One OIF combat Army Veteran, Daniel, brought his family. Daniel suffered severe injuries due to an IED blast that ultimately led to the amputation of his left lower leg. The HOPE Program has put on smile on Daniel’s face and now he is aspiring to go pro. That’s him in the top photo, teeing off, and with his family in the golf cart
For more information of how to bring the HOPE program to your community, contact your local VA Medical Center or reach out to the PGA Foundation.
It sometimes seems like military service grants you some sort of extra-sensory bullsh*t detection superpower. This is apparently true in Venezuela, where soldiers were forced to keep a close watch on one another to keep them from deserting as another sham election for the world’s sh*ttiest dictator drew nearer in 2018.
Desertions, rebellions, and treason were rife within its ranks as the army became less and less able to feed and pay its soldiers, much less fight a war with them. The world waited to see what this dumpster fire of a president would do about it.
Nicolas Maduro always looks like he really needs an epi-pen.
When an army is deserting at a rate almost four times as high as previous years, not only does its leadership need to stop the bleeding, but they also need to figure out how to defend their homeland. Nicholas Maduro also needed to figure out how to use them to maintain his grip on power while rigging the 2018 election.
As the soldiers guarding polling places kept an eye out for any terrorists, saboteurs, or actual legal votes, what they probably really thought about is how to ditch that awful job and make more than the two dollars a day the Venezuelan government paid them.
Three faces in this photo are screaming to be anywhere else.
One Sergeant Major who has served for 20 years told Business Insider he hasn’t had a full fridge for a long time. His old Christmas bonus used to buy furniture, clothes, and toys for his family but now can only afford three cartons of eggs and two kilos of sugar. With that kind of depreciation, it’s easy to see why Venezuela is losing more than just a few good men. “President” Maduro blames a conspiracy led by the United States for losing his army – He says the U.S. is planning to invade Venezuela.
If the U.S. intends to invade his country, how will he defend it with a poorly paid, fed, and equipped army? Ask his Grandma to help?
Maduro addressed the entire country, slamming President Donald Trump and the U.S. government for its use of economic force and military threats to force Maduro out of power. He launched a two-day military training exercise, encouraging civilians to enter the armed forces reserve or join civilian militias to help repel a military invasion.
Another means of control are another group of armed civilians, called colectivos. These are fervently pro-Maduro militias who have been trained to keep the local populace in line since the days of Hugo Chavez. Unlike soldiers of Venezuela’s regular Army, there’s nowhere they can defect to: It’s Maduro or death for them.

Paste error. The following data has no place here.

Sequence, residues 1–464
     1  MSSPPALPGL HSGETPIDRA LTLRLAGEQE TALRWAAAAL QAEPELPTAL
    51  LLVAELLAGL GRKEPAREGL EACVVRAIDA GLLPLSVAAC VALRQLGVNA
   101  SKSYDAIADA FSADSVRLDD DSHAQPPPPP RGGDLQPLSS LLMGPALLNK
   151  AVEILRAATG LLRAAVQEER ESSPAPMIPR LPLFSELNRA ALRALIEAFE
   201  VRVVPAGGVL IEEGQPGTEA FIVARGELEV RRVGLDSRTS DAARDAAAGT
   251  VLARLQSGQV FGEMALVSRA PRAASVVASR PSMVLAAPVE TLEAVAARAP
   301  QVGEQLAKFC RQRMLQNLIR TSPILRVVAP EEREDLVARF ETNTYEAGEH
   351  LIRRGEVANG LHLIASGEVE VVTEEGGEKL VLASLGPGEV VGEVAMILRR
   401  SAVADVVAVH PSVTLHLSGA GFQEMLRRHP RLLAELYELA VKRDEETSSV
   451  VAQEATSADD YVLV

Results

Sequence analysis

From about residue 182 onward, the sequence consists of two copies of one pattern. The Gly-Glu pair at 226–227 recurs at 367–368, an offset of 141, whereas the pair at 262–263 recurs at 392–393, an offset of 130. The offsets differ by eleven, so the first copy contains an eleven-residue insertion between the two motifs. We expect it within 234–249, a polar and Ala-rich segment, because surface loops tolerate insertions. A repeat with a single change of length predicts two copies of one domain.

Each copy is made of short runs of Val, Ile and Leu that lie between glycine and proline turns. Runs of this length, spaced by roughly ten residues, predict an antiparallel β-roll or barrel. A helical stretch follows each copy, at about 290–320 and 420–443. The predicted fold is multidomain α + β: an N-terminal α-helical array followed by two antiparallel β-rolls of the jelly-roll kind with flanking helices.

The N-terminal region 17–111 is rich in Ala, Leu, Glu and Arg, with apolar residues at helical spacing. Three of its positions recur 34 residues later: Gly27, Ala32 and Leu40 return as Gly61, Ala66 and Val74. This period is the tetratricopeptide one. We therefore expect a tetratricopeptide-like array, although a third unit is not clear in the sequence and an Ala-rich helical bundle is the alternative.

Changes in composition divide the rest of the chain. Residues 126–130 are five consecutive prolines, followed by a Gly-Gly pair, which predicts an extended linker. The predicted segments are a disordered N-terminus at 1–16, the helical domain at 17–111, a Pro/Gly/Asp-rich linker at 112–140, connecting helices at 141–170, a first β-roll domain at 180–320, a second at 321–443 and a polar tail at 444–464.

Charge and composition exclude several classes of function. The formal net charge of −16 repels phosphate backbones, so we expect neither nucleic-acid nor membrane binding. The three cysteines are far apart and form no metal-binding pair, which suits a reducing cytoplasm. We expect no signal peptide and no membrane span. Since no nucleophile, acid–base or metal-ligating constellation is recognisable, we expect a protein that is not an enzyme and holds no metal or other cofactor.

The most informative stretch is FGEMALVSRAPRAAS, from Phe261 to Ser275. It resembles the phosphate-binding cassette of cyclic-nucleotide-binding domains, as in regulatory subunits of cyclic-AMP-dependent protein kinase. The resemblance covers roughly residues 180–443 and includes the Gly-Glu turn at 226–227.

These civilians are funded by the government and act as a paramilitary group and internal security service. If a military intervention from outside ever does come, they will be systematically hunted down and prosecuted by their fellow Venezuelans for their years of violent reprisals against dissidents and extra-judicial killings.
Russia is not in talks with the United States about its potential role at an expanded Group of Seven (G7) summit later this year, Deputy Foreign Minister Sergei Ryabkov said on July 4.
“We have not had negotiations of this kind and are not having any,” Ryabkov told TASS.
Ryabkov’s comments countered those of John Sullivan, U.S. ambassador to Russia, who told RBC TV on July 3 that Washington was “engaged with the Russian Foreign Ministry and with the other G7 governments about whether there is an appropriate role for Russia at the G7.”
U.S. President Donald Trump raised the prospect of Russia’s return to the group of leading economic powers in May when he announced plans to postpone the meeting until September because of the coronavirus pandemic. At the same time he said he would expand the list of invitees to include Australia, Russia, South Korea, and India.
Russia was formerly in the group but was expelled in the wake of its annexation of Crimea from Ukraine in 2014.
Trump said it was “common sense” to invite President Vladimir Putin to rejoin the group, but other G7 countries, including Canada and France, have objected to the idea.
Ryabkov also said an expanded G7 meeting should include China.
“The idea of the so-called expanded G7 summit is flawed, because it is unclear to us how the authors of that initiative plan to consider the Chinese factor. Without China, it is just impossible to discuss certain issues in the modern world,” he said, according to TASS.
Ryabkov also noted that Russia has proposed holding a summit of the five permanent members of the UN Security Council.
“This is a completely different format. We believe that work in that format, including on the most pressing current issues, is optimal,” Ryabkov said.